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Academic year: 2023



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The Minutes of the Development Assessment Unit Council meeting of 14th August 2018 are confirmed. The application in question seeks to extend an existing residential development for the elderly by constructing 12 additional detached dwellings on the western part of the site (formerly known as 144 and 146 Glenhaven Road). In order for the application to continue to be evaluated, the applicant was asked to withdraw the subject application or provide a valid certificate of site compatibility.

Integrated Development” under the provisions of section 4.8 of the NSW Environmental Planning & Assessment Act, 1979 and the Rural Fires Act 1997. The applicant is seeking approval for a self-contained in-fill self-catering housing development under the provisions of the SEPP. As such, it is considered that the proposal meets the requirements of the SEPP in terms of the definition of independent serviced self-care accommodation.

This clause applies to a development application made in terms of this Chapter in respect of development for the purposes of senior housing (other than dual occupancy) if:. a) the development is proposed to be carried out on any of the following grounds to which this Policy applies:. i) land adjacent to land primarily zoned for urban purposes. ii) land that is within a zone identified as "special uses" under another environmental planning instrument (except land on which development is permitted for the purposes of hospitals). iii) land used for the purposes of an existing registered club, or (b) the development application involves buildings with a floor space ratio which. would require the consenting authority to grant consent under clause 45. 1A) Despite sub-clause (1), this clause does not apply to a development application made in terms of this Chapter in respect of development for the purposes of senior housing, if the proposed development is permitted with consent on the relevant land in terms of the zoning of another environmental planning instrument. The provisions of the SEPP state that the consenting authority must not consent to a Development Application unless it is satisfied by written evidence that the residents of the proposed development will have reasonable access to specified services and accessibility. Access is considered compliant if:. a) the facilities and services listed above are located at a distance of not more than 400m from the site and the overall slope is not more than 1:14, with alternative acceptable slopes for short distances, or.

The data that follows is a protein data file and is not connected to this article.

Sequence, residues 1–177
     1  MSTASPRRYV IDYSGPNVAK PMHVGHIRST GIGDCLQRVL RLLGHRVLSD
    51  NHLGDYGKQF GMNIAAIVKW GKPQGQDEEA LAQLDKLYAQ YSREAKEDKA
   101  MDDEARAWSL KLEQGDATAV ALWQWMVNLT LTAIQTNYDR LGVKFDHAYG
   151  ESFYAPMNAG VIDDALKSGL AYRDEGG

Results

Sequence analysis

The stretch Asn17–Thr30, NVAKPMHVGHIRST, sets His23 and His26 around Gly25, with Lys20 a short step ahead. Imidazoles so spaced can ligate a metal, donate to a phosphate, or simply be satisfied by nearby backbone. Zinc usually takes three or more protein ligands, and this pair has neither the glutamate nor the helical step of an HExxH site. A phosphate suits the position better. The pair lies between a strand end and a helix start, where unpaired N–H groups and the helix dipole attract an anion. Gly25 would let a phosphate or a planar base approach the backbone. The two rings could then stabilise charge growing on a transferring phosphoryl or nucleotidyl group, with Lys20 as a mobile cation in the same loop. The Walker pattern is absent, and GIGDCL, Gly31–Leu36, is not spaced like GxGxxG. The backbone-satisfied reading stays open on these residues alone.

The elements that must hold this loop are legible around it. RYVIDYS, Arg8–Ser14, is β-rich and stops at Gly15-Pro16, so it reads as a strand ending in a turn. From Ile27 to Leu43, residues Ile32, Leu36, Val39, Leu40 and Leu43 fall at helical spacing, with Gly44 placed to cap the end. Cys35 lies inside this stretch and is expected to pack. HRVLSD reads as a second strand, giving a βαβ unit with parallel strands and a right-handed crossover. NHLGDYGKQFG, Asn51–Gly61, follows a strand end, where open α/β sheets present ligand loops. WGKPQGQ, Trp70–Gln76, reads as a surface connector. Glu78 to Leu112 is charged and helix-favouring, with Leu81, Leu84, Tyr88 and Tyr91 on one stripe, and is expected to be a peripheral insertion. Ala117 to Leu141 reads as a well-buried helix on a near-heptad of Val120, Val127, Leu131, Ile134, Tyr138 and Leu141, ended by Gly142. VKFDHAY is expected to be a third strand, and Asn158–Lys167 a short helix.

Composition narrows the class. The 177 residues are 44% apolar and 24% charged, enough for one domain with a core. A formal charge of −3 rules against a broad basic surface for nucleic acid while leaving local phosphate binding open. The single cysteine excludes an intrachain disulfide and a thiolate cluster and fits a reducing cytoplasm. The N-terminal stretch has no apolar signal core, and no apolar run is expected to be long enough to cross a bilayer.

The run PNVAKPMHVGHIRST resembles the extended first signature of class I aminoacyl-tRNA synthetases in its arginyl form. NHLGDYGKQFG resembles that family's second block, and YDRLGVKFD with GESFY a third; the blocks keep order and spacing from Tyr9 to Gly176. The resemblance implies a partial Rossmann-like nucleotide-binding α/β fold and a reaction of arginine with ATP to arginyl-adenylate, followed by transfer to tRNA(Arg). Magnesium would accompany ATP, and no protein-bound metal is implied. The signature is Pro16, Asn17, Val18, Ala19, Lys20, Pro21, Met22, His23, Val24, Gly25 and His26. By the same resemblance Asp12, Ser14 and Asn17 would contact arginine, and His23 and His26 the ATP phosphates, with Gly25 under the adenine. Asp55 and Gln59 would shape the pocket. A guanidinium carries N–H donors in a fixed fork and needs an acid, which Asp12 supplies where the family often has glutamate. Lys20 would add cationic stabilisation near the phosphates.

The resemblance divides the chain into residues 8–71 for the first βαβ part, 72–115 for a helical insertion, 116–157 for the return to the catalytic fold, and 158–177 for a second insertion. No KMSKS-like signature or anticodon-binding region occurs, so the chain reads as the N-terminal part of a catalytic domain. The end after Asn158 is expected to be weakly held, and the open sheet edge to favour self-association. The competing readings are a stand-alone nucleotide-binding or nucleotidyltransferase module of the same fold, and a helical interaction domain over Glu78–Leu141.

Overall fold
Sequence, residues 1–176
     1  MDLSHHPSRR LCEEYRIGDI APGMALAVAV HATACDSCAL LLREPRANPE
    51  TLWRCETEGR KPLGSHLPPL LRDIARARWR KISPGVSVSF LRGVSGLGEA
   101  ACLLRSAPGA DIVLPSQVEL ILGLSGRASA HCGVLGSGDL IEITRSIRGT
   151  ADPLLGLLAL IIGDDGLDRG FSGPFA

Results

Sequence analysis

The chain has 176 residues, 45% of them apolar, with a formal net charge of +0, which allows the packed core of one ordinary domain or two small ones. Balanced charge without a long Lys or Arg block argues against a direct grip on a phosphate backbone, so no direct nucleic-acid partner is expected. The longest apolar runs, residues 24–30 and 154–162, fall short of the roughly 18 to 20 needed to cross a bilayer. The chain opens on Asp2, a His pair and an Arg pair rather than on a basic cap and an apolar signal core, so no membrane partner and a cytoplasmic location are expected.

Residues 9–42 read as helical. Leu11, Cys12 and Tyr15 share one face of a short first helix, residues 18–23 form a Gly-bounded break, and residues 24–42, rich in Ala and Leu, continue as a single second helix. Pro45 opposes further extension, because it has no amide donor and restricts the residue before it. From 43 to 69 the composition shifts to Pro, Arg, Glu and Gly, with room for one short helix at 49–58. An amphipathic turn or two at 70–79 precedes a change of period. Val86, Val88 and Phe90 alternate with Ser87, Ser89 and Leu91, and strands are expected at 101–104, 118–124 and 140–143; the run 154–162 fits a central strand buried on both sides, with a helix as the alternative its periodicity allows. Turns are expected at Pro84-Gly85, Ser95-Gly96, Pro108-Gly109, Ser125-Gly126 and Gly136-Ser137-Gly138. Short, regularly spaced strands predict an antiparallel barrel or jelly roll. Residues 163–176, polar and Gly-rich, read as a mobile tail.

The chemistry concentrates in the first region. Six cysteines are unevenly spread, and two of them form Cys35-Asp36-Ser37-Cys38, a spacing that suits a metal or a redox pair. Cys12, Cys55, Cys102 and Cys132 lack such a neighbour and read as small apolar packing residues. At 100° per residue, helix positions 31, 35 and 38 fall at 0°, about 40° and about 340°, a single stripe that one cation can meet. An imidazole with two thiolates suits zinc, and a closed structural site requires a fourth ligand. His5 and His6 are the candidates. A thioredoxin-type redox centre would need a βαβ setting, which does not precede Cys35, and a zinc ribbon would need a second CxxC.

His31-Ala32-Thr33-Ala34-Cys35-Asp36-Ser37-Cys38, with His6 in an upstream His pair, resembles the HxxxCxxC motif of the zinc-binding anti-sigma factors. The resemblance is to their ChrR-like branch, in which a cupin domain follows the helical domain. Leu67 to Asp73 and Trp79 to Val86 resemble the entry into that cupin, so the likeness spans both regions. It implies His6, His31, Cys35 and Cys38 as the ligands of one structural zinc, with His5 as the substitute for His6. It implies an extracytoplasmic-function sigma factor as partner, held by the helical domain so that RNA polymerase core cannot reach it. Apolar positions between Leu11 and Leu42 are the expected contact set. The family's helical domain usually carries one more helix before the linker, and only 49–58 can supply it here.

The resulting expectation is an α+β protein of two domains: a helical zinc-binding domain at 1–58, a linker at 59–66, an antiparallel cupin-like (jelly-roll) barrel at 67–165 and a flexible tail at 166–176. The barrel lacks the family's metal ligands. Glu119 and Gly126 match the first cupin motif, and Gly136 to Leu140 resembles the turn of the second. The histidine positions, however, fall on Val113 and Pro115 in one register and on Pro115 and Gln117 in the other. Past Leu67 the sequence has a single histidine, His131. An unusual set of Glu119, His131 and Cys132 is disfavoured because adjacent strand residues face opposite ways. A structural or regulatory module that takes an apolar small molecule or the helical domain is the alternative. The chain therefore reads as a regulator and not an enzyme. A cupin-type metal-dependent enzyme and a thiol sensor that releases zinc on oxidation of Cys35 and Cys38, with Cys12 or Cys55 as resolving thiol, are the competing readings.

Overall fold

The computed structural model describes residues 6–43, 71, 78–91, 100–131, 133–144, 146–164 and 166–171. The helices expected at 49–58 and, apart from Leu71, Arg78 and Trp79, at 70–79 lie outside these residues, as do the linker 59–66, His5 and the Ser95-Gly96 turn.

Bus services operate along Mills Road and Glenhaven Road and there is a bus stop within 20-50m of the premises.

The proposal also includes an additional 23 spaces within the existing senior housing development for staff. The scale and building footprint of the proposed development is inconsistent with the surrounding development to the north, south and west of the site which consists of large low density rural plots within an RU6 rural zone. The character of the area includes rural lifestyle and land uses, including large parcels of land, low-scale dwellings, farm sheds, intensive plant-agricultural enterprises and open spaces.